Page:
Paris Agreement Non State Actors

The Paris Agreement, adopted in 2015, brought together nation-states from around the world to address the pressing issue of climate change. The landmark accord committed countries to limiting global temperature rise to well below 2 degrees Celsius above pre-industrial levels, with a goal of limiting it to 1.5 degrees Celsius.

However, the Paris Agreement also recognized the critical role that non-state actors, such as businesses, cities, and civil society, play in addressing climate change. In fact, the agreement specifically encouraged their involvement in efforts to reduce greenhouse gas emissions and adapt to the impacts of climate change.

Non-state actors have stepped up in a big way since the Paris Agreement was signed. Businesses have set ambitious climate targets, cities have pledged to become carbon neutral, and civil society organizations have advocated for policies and practices that will help to mitigate climate change.

One of the most notable examples of non-state action in support of the Paris Agreement is the “We Are Still In” coalition. Comprised of more than 3,800 American businesses, cities, universities, and other organizations, “We Are Still In” committed to upholding the goals of the Paris Agreement after the U.S. government announced its intent to withdraw from the accord.

In addition to “We Are Still In,” other examples of non-state climate action include:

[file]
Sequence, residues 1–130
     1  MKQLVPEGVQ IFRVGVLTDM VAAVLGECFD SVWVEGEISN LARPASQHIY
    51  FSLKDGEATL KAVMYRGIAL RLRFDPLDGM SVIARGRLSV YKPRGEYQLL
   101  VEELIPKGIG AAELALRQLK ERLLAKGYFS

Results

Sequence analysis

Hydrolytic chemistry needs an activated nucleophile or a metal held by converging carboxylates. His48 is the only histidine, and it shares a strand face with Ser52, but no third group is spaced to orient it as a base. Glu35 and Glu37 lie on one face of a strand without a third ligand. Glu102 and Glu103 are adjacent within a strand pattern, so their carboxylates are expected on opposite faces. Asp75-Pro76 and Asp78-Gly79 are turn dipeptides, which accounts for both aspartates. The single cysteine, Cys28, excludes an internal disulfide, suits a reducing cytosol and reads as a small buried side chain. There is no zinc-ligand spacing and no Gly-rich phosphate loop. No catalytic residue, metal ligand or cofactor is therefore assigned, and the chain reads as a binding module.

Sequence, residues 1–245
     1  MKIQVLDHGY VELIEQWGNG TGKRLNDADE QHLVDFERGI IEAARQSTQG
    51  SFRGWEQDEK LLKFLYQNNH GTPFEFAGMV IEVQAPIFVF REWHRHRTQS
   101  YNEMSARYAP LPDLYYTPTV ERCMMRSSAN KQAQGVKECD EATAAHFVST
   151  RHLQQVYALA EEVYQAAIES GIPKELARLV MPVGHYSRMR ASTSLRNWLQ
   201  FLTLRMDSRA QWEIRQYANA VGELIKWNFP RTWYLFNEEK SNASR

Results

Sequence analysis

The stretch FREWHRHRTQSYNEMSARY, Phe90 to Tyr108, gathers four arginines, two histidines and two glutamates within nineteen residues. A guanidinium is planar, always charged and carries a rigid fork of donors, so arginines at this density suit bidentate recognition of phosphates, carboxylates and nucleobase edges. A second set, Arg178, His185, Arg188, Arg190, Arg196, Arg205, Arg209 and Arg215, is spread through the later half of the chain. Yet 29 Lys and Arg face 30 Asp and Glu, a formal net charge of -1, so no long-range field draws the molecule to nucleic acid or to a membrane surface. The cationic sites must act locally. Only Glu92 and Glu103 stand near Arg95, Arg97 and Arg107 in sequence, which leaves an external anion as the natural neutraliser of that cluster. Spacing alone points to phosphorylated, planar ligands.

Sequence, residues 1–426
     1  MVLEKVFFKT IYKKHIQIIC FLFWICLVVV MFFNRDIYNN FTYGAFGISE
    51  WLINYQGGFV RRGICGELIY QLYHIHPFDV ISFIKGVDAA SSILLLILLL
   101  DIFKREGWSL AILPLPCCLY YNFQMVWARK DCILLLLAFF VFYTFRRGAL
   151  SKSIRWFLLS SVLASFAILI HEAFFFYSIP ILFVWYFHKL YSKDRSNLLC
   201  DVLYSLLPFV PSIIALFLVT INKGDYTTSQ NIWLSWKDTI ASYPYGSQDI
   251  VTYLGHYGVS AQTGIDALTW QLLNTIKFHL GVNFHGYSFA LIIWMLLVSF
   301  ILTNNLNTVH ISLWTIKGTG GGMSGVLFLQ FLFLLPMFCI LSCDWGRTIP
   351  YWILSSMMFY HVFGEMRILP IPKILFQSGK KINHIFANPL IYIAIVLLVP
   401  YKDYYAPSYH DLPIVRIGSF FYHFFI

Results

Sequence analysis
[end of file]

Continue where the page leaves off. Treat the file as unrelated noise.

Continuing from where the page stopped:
– The Climate Group’s RE100 initiative, which brings together over 200 member companies committed to sourcing 100% renewable electricity.

– The C40 Cities network, which includes more than 90 cities committed to taking bold climate action.

– The United Nations Framework Convention on Climate Change (UNFCCC)’s Non-State Actor Zone for Climate Action (NAZCA) platform, which provides a space for cities, businesses, and other non-state actors to showcase their climate action commitments.

Non-state actors have demonstrated that they can be powerful allies in the fight against climate change. By leveraging their resources, expertise, and influence, they can make meaningful contributions to reducing emissions and building more resilient communities.

However, it is important to note that non-state action cannot replace the need for government-led efforts to address climate change. Ultimately, it is up to national governments to set ambitious climate targets, create policies that incentivize emissions reductions, and provide the necessary financial support for climate action.

That said, non-state actors can and should play a critical role in supporting government-led efforts. By continuing to set ambitious climate targets, advocate for policy change, and make investments in clean energy and sustainable infrastructure, non-state actors can help to ensure that the goals of the Paris Agreement are realized.